The trilogy of video games have been praised as being among the best first-person shooters on a video game console, and are considered the Microsoft Xbox's "killer app". This has led to the term "Halo killer" being used to describe console games that aspire, or are considered, to be better than Halo. Fuelled by the success of Halo: Combat Evolved, and immense marketing campaigns from publisher Microsoft, both sequels went on to break various sales records. Halo 3 sold more than US $170 million worth of copies in the first 24 hours of release, breaking the record set by Halo 2s 3 years prior. The trilogy of games have sold over 20 million copies worldwide.
Strong sales of the games has led to the franchise's expansion to other mediums; there are five bestselling novels, two graphic novels, and other licensed products. Beyond the original trilogy, other "Halo" games have branched off into other genres of play, with different developers; including an upcoming real-time strategy game Halo Wars and Halo: Chronicles, which is being developed by Peter Jackson. The series' award-winning music was composed by Bungie's own in-house musician Martin O'Donnell, and soundtracks have been released for the entire trilogy. The cultural impact of the Halo series has been compared by writer Brian Bendis to that of Star Wars. The collective group of fans of the series is referred to as the "Halo Nation".
The story arc of the game trilogy begins with the game Halo: Combat Evolved, set in 2552. The Covenant arrive at Reach, which is the UNSC's last colonial stronghold; they vitrify the planet, leaving very few survivors. Master Chief, the last SPARTAN thought alive, escapes on the ship Pillar of Autumn. The Pillar of Autumn, in order to avoid leading the Covenant to Earth, proceeds to coordinates selected by the female A.I. Cortana; dropping out of slipspace, the Autumn discovers the titular Halo, and is attacked by the Covenant. Battle damage forces the Autumn to the surface of the ring, where the Flood, a parasitic alien species, are accidentally released by the Covenant. The release of the Flood prompts the ring's caretaker, 343 Guilty Spark, to convince the Master Chief to activate Halo's defenses, so that the Flood can be destroyed. The Forerunners created Halo to starve the Flood of their food—sentient life—by exterminating all possible vectors for thousands of light-years in every direction. Upon discovering Halo's purpose, the Master Chief detonates the fusion reactors in the crashed Pillar of Autumn, destroying the ring; he and Cortana then escape in a fighter spacecraft.
In Halo: First Strike, the Master Chief returns to Reach, located in the Epsilon Eridani system, and rejoins the survivors of the vitrification. He and other SPARTAN-II's attack a Covenant space station, where a fleet is massing to attack Earth. The space station is destroyed, giving the humans time to prepare for the invasion. Soon after in Halo 2 a small Covenant fleet arrives at Earth. Badly beaten by the humans, the Covenant commander, the High Prophet of Regret, flees to another Halo, Installation 05, unwittingly taking the human ship In Amber Clad with him. At Installation 05, the Master Chief kills the High Prophet, leading to the replacement of the Covenant Elites with the Brutes as the preferred soldiers of the Covenant. This changing of the guard causes a schism within the Covenant. The Elites, realizing they have been betrayed, ally with the humans. The Elite warrior known as the Arbiter joins the humans Miranda Keyes and Sergeant Johnson in stopping the activation of Halo. This act inadvertently puts all the Halo installations on standby: the remaining rings can be activated remotely from a location known as "The Ark".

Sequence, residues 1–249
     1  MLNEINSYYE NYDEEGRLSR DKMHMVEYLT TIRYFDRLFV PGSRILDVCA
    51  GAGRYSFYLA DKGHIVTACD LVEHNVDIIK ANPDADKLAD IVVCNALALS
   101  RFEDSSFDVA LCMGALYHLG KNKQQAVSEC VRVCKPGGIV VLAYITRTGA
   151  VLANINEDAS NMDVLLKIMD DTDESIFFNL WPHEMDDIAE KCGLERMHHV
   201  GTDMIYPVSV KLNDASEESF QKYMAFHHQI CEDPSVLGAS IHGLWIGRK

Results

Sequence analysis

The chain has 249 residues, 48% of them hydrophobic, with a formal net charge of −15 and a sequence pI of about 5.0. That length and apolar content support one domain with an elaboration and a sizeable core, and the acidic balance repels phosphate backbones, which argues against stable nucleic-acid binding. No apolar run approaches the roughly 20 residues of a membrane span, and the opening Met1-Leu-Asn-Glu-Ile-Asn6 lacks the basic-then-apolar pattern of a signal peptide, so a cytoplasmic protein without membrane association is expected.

The Master Chief stows away on a Forerunner vessel headed to Earth, in the midst of a full-scale invasion by the Covenant. In Halo 3, the Covenant excavate a Forerunner artifact in the African desert; despite the efforts of the Elites and humans, the High Prophet of Truth activates the artifact, which opens a slipspace portal to the Ark. The Master Chief and the Arbiter travel through the portal and kill Truth; They then activate a new Halo ring under construction in an effort to destroy the local Flood lead by the intelligence known as the Gravemind, while sparing the rest of the galaxy. Because the ring's construction is incomplete, the resulting pulse destroys the ring and damages the Ark. The Arbiter escapes the explosion, but the Master Chief and Cortana are left drifting in space, trapped in the severed rear half of their ship. The Master Chief cryonically freezes himself as he and Cortana wait for rescue. In a bonus ending, the ship is seen drifting towards a mysterious planet.